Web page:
If a food product is not perceived positively in its appearance, it is unlikely eaten. However, there are several subtle spatial cues able to bias attitudes towards food, such as the position where it is displayed. To date, no-one has investigated how the placement of high-calorie food (HcFd) or low-calorie food (LcFd) on a screen, influences them evaluations. Thus, we asked 57 participants to rate food images that appeared on the center, on the top, on the bottom, on the left or on the right side of the screen. For each item participants evaluated on a 100 mm VAS the liking, the desire to eat and buy, and the willingness to pay. We found that HcFd liking and desire to eat were higher when images were shown on the bottom side and lower when shown on the left side of the screen; LcFd liking scores were lower when shown on the bottom side and higher when shown on the left side of the screen. Such results were consistent with the literature reporting a peculiar perceptual/preference bias determined by the placement of high- and low-calorie products. Both policy makers and sellers can use such knowledge respectively to prevent unhealthy food intake or to improve the effectiveness of the advertisements.

Can the position on the screen of an image influence its judgment? The case of high- and low-calorie foods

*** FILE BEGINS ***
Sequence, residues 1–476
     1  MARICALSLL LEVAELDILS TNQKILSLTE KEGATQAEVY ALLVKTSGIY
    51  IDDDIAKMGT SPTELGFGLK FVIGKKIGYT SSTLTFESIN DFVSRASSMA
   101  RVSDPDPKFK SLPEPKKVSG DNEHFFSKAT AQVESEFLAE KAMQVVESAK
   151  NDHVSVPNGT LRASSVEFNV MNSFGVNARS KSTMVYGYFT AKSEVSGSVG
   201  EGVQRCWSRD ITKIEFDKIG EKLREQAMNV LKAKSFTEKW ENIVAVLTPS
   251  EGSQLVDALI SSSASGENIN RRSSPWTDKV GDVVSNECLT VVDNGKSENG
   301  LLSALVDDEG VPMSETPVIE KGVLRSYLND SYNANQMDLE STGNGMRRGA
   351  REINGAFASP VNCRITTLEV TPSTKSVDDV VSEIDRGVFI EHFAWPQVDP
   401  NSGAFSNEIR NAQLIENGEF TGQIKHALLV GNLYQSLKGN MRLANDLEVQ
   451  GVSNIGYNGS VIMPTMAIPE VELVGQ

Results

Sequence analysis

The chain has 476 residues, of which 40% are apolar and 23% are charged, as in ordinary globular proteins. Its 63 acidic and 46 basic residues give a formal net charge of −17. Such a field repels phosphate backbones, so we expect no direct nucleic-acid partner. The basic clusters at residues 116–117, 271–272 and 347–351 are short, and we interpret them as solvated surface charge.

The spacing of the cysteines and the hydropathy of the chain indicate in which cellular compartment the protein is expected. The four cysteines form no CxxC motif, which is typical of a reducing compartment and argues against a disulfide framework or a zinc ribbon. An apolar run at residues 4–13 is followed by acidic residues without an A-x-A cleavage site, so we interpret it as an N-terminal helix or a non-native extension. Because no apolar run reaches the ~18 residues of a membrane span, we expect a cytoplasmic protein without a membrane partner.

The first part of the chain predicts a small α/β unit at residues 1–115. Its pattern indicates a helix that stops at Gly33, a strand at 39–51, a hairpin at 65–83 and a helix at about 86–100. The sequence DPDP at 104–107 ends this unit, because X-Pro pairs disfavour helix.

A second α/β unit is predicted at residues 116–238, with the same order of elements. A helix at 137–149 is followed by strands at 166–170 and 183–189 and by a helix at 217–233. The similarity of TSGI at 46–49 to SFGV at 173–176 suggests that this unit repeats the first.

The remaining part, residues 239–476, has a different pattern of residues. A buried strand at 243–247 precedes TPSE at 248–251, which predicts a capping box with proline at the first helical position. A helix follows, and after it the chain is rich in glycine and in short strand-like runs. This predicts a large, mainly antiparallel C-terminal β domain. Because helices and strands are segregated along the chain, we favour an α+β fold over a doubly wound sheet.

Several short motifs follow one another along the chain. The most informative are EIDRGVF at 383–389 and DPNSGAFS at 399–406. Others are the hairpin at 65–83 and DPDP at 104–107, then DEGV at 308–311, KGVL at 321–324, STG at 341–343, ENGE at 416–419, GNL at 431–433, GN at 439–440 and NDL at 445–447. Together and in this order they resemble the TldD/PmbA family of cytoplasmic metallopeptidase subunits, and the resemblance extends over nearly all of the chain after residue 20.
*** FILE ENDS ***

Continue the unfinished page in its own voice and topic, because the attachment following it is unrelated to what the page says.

Manippa V.;Ferracci S.;Pietroni D.;Brancucci A.
2022

Abstract

If a food product is not perceived positively in its appearance, it is unlikely eaten. However, there are several subtle spatial cues able to bias attitudes towards food, such as the position where it is displayed. To date, no-one has investigated how the placement of high-calorie food (HcFd) or low-calorie food (LcFd) on a screen, influences them evaluations. Thus, we asked 57 participants to rate food images that appeared on the center, on the top, on the bottom, on the left or on the right side of the screen. For each item participants evaluated on a 100 mm VAS the liking, the desire to eat and buy, and the willingness to pay. We found that HcFd liking and desire to eat were higher when images were shown on the bottom side and lower when shown on the left side of the screen; LcFd liking scores were lower when shown on the bottom side and higher when shown on the left side of the screen. Such results were consistent with the literature reporting a peculiar perceptual/preference bias determined by the placement of high- and low-calorie products. Both policy makers and sellers can use such knowledge respectively to prevent unhealthy food intake or to improve the effectiveness of the advertisements.
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Utilizza questo identificativo per citare o creare un link a questo documento: https://hdl.handle.net/11564/786873
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